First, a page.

What I took here from home was mostly decoration. A thing I didn’t like about my room was that it looked exactly the same as every other room in the building. So, I decorated my door. And looking back from today, although this decoration was quite simple and can easily be torn of in 5 minutes, it is going to be a sad moment for me to take it of tomorrow.

Shortly after that, I returned home again, this time for Christmas. Many students left completely as most of the students were here for only one semester which put my friendships with the other students to the test. What I realized was, that all of my real friends here were about to leave: Peter, Pelagia, Stephan, … Forced to be on a lookout for new friends, I discovered that this was actually great. Not only have I learned more French since almost only French students were left to become friends with but they showed me a whole different lot of things here in Strasbourg.

One example: Improvisation theatre. I would have never discovered that I liked it so much. Firstly, it made me learn French even more, especially the humoristic side of the language. But secondly, I really loved the fact that you could become someone else with the snap of a finger. Btw, I’ve already found a group to continue improv in Munich 🙂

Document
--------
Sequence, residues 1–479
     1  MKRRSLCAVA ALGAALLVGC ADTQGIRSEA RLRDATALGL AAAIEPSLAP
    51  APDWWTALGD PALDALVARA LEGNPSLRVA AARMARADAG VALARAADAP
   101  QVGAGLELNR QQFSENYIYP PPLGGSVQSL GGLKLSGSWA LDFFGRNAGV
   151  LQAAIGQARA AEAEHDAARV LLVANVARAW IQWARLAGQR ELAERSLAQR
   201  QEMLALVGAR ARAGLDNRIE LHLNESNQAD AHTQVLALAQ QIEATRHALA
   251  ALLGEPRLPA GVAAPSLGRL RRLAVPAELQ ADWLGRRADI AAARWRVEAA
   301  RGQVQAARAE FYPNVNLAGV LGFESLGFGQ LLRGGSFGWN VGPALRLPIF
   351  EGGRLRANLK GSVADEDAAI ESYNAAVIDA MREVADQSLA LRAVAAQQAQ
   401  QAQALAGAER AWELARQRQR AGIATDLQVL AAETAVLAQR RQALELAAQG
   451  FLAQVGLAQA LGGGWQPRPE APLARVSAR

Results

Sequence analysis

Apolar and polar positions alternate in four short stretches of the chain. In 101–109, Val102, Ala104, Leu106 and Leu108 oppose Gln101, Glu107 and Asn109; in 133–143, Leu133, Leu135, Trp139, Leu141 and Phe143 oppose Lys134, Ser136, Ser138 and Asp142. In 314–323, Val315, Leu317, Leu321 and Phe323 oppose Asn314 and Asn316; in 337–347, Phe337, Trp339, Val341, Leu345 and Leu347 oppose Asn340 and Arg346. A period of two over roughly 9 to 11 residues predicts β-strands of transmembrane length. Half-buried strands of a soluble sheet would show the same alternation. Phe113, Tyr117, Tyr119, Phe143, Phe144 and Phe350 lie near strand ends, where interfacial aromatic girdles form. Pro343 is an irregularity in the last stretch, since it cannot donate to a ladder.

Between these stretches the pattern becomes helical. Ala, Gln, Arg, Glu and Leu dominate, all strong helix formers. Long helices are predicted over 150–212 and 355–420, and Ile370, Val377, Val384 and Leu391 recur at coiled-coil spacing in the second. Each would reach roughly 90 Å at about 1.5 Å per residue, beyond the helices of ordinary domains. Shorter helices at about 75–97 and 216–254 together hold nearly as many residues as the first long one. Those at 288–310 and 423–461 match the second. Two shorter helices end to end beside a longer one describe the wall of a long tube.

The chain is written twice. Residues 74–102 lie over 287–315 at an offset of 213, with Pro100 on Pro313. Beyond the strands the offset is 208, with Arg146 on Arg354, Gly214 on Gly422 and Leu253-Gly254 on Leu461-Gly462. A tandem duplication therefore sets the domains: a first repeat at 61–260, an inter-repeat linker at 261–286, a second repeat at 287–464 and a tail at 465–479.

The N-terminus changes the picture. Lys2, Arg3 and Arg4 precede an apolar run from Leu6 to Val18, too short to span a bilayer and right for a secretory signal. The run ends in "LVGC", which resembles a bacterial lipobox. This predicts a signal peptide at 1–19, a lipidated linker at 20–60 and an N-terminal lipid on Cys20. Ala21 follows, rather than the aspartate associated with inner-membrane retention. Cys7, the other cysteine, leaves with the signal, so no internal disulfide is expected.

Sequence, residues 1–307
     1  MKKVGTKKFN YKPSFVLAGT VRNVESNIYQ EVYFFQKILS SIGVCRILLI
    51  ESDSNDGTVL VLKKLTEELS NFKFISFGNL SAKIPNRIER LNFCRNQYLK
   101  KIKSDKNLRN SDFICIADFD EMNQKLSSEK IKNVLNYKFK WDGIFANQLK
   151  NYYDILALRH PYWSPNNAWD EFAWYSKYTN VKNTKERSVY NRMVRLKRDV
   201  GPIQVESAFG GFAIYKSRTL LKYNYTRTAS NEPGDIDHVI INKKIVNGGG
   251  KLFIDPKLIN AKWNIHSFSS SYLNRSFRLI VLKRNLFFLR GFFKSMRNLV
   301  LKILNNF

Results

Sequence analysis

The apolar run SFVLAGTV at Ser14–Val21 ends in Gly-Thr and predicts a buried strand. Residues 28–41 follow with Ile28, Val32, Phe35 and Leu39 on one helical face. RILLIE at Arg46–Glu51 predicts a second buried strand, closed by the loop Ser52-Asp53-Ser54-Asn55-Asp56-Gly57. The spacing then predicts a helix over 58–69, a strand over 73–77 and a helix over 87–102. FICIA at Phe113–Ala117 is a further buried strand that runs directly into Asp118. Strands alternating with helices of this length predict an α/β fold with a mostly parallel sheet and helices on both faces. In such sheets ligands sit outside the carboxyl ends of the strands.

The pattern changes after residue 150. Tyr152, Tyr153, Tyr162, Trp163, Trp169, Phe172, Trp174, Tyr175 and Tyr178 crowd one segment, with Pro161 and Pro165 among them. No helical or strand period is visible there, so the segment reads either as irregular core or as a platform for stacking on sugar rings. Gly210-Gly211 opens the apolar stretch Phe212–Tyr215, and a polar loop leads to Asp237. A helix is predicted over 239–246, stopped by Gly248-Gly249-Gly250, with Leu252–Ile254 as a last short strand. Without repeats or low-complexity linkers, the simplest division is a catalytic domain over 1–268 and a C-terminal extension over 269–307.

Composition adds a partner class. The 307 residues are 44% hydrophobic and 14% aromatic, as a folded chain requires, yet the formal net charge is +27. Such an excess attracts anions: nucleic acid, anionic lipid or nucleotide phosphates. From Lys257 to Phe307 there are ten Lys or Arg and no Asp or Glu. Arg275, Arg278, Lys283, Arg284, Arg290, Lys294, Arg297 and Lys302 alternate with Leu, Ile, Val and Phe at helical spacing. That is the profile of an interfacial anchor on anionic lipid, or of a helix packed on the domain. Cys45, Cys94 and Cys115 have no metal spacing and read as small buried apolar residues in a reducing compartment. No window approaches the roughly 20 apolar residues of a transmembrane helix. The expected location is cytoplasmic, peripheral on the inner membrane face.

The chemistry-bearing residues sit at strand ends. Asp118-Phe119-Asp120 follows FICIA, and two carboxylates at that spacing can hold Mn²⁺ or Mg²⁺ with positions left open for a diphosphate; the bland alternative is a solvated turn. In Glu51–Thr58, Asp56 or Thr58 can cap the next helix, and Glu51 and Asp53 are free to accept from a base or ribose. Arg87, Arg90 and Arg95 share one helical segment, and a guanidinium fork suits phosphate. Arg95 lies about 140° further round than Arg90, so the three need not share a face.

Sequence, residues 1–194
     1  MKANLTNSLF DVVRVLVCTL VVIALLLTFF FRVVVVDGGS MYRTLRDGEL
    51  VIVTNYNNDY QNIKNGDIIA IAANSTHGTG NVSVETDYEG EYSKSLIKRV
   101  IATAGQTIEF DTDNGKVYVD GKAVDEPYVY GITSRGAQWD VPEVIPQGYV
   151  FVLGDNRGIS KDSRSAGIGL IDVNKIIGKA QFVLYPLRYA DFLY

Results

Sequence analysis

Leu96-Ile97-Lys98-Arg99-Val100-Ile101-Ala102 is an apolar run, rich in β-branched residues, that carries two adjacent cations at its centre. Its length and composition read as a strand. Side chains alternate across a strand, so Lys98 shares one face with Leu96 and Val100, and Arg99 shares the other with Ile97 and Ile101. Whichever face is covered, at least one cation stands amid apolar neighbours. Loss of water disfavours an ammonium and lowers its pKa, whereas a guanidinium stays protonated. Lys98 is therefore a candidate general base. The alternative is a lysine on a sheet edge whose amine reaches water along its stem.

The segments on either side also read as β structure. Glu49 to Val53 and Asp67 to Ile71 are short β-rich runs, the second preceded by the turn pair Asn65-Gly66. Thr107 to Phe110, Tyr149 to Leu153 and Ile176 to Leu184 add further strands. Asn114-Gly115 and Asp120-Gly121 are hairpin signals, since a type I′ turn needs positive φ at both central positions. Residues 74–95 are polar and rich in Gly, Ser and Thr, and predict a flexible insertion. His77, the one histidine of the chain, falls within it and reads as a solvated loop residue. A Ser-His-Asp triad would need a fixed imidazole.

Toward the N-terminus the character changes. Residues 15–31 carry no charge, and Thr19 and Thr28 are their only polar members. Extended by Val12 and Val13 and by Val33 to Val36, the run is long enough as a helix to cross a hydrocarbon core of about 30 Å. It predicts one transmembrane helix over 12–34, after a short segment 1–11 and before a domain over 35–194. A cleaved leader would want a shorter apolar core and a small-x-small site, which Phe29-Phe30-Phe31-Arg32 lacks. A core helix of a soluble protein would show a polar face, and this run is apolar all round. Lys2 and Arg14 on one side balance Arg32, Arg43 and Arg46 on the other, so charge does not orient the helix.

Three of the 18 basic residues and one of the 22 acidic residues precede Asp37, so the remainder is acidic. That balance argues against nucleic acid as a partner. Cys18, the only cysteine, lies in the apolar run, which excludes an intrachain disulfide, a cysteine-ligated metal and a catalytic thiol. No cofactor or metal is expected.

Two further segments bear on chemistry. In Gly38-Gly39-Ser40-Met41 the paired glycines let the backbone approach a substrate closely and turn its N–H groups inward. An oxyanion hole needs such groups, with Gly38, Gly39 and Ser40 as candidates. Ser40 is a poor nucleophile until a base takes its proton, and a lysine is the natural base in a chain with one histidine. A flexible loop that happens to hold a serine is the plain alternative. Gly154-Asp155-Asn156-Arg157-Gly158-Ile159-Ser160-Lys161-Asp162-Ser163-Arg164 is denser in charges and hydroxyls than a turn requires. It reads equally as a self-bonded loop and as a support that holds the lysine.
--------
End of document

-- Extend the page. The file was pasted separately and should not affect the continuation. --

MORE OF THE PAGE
Slowly coming towards, the end of the year (yes, we’ve almost made it 🙂 ), there was the big trip that the entire class worked for the past year: The “voyage technique”. The official purpose of this is to travel around while educating yourself. The unofficial purpose is to have one week of sponsored fun with your class mates and to do one or two educational visits to satisfy the requirements. Anyway, one week of Italy 🙂

And last but not least: The big project at the end of the year. Essentially, we went out almost every day by car to a small town one hour away from Strasbourg to do land registry. Again, something I wouldn’t have done if I had stayed in Munich.

And that’s it. That was my year here. I know, I rushed through it and I know it might have been a bit hard to read but I am glad you made it up until here 🙂 Oh and, if you are still reading this, just post the hashtag #WelcomeHome in the comments (on Twitter, Facebook or down below) 🙂

Aaaaaand before I leave: Again, many many thanks to all the people I met here, you are great! Thanks Peter, Pelagia, Steffen, Stephan, Verena, Valentin, Anne, Pierre, Wilson, Filipe, Stéphie, Sophie, Marco, Momo, Lu, Kyn Do, Eva, Marion, Paul, Camille, Calypso, Yannick, Tanguy, Ivan, Antoine, Maiwenn, Mathieu, Mathilde, Xavier, Lilian, Théo et Théo ;), Cécile, Michael, Spiros, Thibaut, Vincent, Célia, Matthieu, Nicolas, Mahmoud, Gilbert F., Jaques L. and everybody that I forgot to mention. You are great!